After measuring all the ingredients, mix them thoroughly.

After preparing a batch of seed starting mix, store it for later use in a lidded container or old potting soil sacks with the top rolled down and secured. Store the mix in a dry, cool place.

How to start seeds

Follow the tips below to learn how to start your own seeds:

Don't plant seeds too deeply or they won’t sprout

There's a limited amount of food (endosperm) in the seed and the plant must reach the light to make more food for growth.

Whatever method you use, don’t plant too deeply. Check the seed packet for the appropriate planting depth.

Try using heat mats 

Heat mats are affordable and they can help your seeds germinate quickly. You will also benefit from using a heat mat in colder climates.

Start frost-sensitive plants like peppers and tomatoes anywhere from mid-March to April 1, when it’s still around 20 F outside.

Even inside, plants don’t like that cold. Use heat mats to help seeds germinate.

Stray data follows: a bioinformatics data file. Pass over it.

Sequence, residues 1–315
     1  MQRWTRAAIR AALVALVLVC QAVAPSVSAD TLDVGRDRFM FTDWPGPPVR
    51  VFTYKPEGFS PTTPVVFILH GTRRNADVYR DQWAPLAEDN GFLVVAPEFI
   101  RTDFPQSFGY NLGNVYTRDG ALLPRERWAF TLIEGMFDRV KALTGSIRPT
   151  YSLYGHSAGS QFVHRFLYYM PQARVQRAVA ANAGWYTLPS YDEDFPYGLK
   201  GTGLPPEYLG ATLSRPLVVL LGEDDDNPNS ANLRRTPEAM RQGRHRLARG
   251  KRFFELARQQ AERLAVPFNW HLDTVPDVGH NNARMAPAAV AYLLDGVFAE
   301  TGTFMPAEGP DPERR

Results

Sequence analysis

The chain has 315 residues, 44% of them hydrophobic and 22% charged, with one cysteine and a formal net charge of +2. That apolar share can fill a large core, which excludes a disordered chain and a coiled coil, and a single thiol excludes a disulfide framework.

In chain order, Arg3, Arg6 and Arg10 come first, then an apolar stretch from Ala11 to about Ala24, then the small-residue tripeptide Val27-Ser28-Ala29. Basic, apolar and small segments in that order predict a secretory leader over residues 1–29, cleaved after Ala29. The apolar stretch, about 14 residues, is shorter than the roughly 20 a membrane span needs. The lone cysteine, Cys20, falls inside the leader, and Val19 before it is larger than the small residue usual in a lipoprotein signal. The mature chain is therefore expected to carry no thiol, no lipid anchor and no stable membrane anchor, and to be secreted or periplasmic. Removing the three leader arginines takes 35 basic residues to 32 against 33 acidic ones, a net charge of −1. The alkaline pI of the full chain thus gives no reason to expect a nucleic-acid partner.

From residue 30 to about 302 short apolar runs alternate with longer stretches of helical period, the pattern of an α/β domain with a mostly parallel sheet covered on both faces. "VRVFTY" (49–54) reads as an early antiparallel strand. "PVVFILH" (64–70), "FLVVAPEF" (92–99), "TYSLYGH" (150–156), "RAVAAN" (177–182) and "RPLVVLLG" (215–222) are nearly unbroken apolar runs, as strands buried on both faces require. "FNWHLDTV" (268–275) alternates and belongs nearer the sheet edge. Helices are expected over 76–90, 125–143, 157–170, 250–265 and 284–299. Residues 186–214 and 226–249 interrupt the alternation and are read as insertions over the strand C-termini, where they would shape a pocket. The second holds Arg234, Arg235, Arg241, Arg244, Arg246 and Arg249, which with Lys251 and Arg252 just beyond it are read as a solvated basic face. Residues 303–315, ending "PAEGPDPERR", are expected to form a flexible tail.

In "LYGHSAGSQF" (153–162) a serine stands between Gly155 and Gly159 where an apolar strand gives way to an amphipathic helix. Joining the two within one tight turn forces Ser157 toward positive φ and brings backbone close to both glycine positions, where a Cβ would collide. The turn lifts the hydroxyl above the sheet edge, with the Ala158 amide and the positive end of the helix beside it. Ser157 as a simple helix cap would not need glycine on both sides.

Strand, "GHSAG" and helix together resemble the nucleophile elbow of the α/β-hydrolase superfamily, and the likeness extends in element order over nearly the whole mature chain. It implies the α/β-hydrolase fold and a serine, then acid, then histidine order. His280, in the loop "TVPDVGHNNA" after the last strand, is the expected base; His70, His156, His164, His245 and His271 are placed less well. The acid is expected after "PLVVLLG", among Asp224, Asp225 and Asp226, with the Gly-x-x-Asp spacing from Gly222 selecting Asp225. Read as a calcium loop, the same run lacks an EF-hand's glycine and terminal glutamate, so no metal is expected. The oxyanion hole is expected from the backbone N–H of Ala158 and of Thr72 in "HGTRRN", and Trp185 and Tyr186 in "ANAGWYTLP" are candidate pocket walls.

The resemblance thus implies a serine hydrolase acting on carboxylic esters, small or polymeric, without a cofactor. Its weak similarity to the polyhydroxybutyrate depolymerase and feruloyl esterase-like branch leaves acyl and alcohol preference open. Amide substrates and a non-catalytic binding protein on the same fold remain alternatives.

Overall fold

Germinate seeds in a wet paper towel

Make sure you're planting good seeds by germinating them in a wet paper towel before planting.

With this method, you first wet a paper towel and put some seeds between the layers along with an identifying marker like popsicle sticks or store-bought plant labels. Wrap the paper towel layers in plastic and turn on the heat mat.

Alternatively, you can use flat plastic food containers or a Ziploc bag.

City compost is free, but you don't always know what's in it

Some gardeners send their diseased plants to the city compost pile, which may or may not be hot enough to kill organisms that cause diseases. If you use city compost, you may be exposing your plants to diseases.

Don't try to pasteurize your own mix

The oven method doesn't always work well, but putting a mushroom mix in an old pillow case and sterilizing it on the stove for one hour is more effective.

You shouldn't use seed starting mixes to grow plants over the long term